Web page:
The Straits Times today reported that marine system experts have warned of long term effects of the oil spill to marine life. One of them, Marine Biologist Professor Chou Loke Ming has said that chemical dispersants break oil into smaller droplets, which will sink and affect marine life in the deeper parts of the sea.
To understand chemical dispersants, visit this Huffington Post page that features a ABC news video report on the current BP spill (see second video). The dispersants had broken the oil into droplets small enough to pass through the skin of sea animals. In addition, some scientists have said that it is causing more harm than good.
Full story in tomorrow’s Straits Times.
Marine life to feel impact
SHORE and marine life will feel the impact of last Tuesday’s oil spill for some time to come, experts here have said.The disaster has also galvanised environmentalists and other members of the public, who have been volunteering their time to rescue shore creatures and document the spill.
The spill, which tipped some 2,500 tonnes of crude oil into the ocean off Changi East, has slicked creatures such as crabs at East Coast and sea snails at Changi Beach.The affected beaches – which, besides the Chek Jawa wetlands, are largely reclaimed land – have mostly been cleaned up. Their shoreline ecosystems harbour life like peanut and acorn worms, sea snails, ghost and hermit crabs, and even a patch of corals at the Tanah Merah seawall.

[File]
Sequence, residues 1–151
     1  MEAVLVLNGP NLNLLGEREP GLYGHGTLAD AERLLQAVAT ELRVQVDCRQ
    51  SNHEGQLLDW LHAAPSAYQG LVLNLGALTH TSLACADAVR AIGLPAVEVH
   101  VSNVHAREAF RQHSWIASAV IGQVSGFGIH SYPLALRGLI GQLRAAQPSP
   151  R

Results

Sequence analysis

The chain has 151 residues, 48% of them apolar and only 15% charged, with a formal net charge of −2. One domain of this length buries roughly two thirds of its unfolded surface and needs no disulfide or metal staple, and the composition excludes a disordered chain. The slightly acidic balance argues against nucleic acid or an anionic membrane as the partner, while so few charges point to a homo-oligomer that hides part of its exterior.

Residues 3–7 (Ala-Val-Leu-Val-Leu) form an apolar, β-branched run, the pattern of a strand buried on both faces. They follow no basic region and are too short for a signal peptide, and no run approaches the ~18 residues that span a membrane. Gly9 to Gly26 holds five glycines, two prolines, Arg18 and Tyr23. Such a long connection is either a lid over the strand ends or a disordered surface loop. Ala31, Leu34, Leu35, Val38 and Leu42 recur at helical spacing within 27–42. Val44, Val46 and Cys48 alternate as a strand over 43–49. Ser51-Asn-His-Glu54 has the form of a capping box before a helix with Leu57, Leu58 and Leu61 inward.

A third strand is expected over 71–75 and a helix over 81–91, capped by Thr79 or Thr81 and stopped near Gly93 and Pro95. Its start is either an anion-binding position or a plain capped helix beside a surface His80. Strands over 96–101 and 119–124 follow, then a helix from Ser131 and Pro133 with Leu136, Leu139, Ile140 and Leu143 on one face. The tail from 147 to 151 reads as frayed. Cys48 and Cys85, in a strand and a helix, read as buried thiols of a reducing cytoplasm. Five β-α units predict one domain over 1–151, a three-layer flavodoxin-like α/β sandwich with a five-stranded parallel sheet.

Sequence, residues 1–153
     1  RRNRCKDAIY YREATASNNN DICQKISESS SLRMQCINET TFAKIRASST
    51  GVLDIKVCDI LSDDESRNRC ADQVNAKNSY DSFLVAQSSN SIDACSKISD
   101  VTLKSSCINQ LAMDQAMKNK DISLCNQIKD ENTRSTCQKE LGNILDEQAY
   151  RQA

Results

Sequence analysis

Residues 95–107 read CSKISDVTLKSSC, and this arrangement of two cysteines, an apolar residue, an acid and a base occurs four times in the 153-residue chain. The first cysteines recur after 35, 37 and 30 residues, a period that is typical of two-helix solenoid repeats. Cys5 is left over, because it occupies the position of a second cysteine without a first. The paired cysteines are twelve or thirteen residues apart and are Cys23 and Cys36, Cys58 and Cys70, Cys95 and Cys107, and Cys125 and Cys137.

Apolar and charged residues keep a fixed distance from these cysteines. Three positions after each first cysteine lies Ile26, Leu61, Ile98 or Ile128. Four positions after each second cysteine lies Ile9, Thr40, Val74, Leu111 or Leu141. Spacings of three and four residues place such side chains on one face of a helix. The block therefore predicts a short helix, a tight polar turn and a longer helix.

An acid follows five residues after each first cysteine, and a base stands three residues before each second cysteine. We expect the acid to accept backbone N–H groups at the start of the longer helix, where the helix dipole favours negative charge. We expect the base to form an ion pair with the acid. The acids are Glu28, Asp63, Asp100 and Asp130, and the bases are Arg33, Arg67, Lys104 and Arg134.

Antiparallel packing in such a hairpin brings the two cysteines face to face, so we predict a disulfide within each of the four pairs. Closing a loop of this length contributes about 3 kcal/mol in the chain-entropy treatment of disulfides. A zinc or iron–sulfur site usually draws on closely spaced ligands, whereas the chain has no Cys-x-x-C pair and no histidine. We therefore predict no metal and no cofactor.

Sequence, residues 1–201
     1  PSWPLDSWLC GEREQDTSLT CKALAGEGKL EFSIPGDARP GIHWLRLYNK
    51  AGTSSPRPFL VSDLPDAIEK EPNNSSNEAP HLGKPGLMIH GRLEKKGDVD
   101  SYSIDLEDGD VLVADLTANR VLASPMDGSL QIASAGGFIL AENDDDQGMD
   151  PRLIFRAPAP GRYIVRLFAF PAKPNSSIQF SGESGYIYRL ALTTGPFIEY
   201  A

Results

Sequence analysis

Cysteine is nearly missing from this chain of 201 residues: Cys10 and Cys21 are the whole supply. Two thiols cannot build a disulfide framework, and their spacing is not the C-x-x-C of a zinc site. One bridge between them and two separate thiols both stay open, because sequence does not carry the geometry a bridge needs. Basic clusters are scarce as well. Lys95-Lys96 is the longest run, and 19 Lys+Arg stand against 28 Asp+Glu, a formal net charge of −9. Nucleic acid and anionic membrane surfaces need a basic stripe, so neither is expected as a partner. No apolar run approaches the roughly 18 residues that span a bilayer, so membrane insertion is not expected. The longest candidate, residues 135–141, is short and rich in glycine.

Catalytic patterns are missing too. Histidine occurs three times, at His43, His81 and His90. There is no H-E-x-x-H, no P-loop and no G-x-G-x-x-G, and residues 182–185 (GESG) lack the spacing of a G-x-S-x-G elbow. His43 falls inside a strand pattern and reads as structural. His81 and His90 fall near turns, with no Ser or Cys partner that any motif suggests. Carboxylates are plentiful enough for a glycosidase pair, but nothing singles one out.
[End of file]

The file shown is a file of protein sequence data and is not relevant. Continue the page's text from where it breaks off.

When oil slicks hit, they block corals from getting sunlight, cut off oxygen by coating plants and fish gills, and harbour volatile organic compounds that can poison marine life, explained marine biologist, Professor Chou Loke Ming.
If most of the oil is removed, the impact from poisons and lack of oxygen will be reduced, Prof Chou said, but spraying dispersant chemicals can break up the oil into smaller droplets which sink to the bottom and affect marine life deeper in the sea.